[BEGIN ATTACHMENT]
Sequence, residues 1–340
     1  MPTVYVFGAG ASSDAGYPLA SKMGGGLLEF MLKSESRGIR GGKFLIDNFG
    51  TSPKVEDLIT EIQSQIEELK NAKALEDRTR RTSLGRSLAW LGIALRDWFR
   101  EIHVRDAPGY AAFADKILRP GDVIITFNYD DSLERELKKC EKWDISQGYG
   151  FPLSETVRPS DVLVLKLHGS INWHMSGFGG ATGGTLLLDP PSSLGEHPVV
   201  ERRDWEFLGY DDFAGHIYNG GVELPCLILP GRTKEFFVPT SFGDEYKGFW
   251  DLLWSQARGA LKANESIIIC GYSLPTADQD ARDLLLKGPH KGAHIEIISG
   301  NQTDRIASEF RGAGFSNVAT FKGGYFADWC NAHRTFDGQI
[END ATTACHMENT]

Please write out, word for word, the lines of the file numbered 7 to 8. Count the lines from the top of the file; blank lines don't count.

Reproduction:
   251  DLLWSQARGA LKANESIIIC GYSLPTADQD ARDLLLKGPH KGAHIEIISG
   301  NQTDRIASEF RGAGFSNVAT FKGGYFADWC NAHRTFDGQI